A crime based action drama, “Akira”, meaning “graceful strength” in Sanskrit, is the story of a strong girl who fights against all odds to prove her innocence.
A simple story, narrated from the Investigating Officer, Rabiya Sultan’s point of view, the narrative starts off in Jodhpur.
After witnessing a brutal acid attack on one of the girls in her vicinity, young Akira is inducted into martial arts, in order to defend herself by her progressive father who is mute.
Soon, in self-defence, she injures a boy and lands up spending 3 years in a remand home.
Years later, when she comes to Mumbai, she gets sucked into a case which four corrupt police personnel headed by Assistant Commissioner of Police Govind Rane, Senior Inspector Manik Pawar, Inspector Rajeshwar and Constable Baburao, are hell bent upon hushing up. How Akira gets out of their clutches forms the crux of the tale.
On the performance front, Sonakshi Sinha in the titular role does offer a fine act. With swift and vigorous movements she gets into the skin of Akira but there is that something that keeps her away from a cent percent performance.
Anurag Kashyap as the debauched Assistant Commissioner of Police Govind Rane is impressive and does justice to his character, making one sufficiently abhor his unethical ways. He is aptly supported by Lokesh Vijay Gupte as Inspector Rajeshwar and Nandu Madhav as constable Baburao.
Konkona Sen Sharma as the honest investigating officer offers nothing much by way of histrionics. But her character, Rabiya Sultan, is interestingly crafted. Her gait and demeanour are matter-of-factly dealt with, as she is shown investigating the case in an advanced stage of pregnancy.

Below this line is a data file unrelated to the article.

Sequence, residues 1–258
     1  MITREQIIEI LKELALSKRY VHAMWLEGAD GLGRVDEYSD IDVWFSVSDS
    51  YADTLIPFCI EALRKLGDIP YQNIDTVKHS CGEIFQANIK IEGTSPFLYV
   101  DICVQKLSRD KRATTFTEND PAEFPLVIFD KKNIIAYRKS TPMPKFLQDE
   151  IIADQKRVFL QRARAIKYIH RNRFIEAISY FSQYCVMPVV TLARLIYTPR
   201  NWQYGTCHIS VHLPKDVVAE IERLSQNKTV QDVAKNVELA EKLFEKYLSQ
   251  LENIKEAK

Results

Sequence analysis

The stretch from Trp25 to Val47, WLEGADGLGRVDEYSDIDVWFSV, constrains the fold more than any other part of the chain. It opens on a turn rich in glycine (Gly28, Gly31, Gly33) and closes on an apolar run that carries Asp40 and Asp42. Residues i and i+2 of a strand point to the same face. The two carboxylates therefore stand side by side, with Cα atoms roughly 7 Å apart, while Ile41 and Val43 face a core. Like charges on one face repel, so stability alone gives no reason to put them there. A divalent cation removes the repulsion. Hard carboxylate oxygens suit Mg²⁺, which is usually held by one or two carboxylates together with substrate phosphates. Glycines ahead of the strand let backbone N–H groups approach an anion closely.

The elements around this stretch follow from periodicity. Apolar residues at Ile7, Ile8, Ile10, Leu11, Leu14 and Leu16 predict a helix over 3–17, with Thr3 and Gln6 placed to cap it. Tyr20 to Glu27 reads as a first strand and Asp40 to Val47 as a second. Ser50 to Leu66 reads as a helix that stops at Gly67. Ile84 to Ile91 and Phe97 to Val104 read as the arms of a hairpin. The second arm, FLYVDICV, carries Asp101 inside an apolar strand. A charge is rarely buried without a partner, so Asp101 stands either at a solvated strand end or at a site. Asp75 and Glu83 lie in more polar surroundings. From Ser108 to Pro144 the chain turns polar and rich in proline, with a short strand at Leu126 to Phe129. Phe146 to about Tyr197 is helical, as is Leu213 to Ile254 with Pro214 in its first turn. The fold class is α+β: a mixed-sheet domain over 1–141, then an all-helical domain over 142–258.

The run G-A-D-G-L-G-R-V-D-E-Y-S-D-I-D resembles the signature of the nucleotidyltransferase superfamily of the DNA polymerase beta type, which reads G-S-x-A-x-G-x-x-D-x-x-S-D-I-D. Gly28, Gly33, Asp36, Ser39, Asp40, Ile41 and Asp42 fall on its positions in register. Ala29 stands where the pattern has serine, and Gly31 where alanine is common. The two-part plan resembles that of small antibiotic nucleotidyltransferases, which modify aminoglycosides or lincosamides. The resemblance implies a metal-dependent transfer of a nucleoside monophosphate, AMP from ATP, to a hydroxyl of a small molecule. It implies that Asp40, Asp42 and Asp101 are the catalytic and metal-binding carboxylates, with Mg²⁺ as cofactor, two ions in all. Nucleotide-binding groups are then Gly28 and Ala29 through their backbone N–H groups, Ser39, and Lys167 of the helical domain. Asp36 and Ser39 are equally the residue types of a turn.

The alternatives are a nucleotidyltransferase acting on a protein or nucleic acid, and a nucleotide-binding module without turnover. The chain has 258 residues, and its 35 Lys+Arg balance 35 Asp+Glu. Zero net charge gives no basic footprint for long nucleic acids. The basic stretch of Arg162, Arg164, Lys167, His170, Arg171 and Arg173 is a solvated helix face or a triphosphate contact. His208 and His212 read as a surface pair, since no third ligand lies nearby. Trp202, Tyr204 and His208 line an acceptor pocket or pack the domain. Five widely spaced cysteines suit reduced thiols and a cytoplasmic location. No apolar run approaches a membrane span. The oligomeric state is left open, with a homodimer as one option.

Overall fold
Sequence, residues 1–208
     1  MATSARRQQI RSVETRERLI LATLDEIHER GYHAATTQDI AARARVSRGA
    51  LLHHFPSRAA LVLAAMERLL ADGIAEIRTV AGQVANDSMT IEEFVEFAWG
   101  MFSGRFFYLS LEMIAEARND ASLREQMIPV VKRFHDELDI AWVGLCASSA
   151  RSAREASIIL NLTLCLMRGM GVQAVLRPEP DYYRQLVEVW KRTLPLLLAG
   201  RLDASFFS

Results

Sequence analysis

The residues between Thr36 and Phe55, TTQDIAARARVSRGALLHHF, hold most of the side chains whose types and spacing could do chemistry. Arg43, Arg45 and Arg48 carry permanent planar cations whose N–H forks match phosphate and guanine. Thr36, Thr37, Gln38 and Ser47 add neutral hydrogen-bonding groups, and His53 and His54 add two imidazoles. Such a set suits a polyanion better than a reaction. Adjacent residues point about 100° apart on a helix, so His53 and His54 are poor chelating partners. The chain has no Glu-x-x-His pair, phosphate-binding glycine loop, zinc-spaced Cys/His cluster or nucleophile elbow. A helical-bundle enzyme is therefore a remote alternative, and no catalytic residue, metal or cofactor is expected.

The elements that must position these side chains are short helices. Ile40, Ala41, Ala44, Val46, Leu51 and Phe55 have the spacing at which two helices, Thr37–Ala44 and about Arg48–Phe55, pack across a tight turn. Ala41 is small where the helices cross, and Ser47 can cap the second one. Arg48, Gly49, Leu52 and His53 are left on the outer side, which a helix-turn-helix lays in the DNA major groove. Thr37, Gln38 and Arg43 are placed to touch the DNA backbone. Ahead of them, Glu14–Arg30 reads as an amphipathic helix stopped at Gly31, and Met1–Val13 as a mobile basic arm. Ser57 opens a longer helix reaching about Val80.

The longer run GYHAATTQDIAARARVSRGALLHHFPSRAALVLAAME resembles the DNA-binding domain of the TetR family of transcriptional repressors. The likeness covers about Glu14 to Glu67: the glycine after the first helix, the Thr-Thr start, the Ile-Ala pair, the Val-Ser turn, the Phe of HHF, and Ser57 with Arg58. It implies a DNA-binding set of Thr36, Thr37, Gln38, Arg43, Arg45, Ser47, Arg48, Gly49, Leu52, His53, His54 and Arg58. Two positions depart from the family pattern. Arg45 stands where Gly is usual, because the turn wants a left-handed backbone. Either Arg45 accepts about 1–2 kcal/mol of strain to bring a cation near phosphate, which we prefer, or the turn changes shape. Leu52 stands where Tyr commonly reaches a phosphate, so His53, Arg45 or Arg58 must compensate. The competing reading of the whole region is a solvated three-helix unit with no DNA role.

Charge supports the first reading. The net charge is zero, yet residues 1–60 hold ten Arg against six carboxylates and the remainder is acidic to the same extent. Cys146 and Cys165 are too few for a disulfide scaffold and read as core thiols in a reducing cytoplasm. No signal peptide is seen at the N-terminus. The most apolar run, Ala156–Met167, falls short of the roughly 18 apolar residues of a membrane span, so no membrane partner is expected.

In miniscule roles, Atul Kulkarni, who is naturally charming, makes his presence felt as Akira’s father, while Amit Sadh as Sid is wasted.
Mishiekka Arora essaying the role of young Akira is cute and charming.
Based on an original story by Santha Kumar, the screenplay written by Director A.R. Murugadoss is praiseworthy. The plot is skilfully and intricately woven with well-etched characters and the right amount of action and drama.
The director has astutely dealt with the subject with no major deviation. With minimal sound design and constrained camera movement, the film offers a realistic feel. The background score and the production design add to the viewing experience. But the languid pace of the telling is what holds it back from being a crisp and engrossing thriller.
Overall, “Akira” is a well made film worth a watch for its story.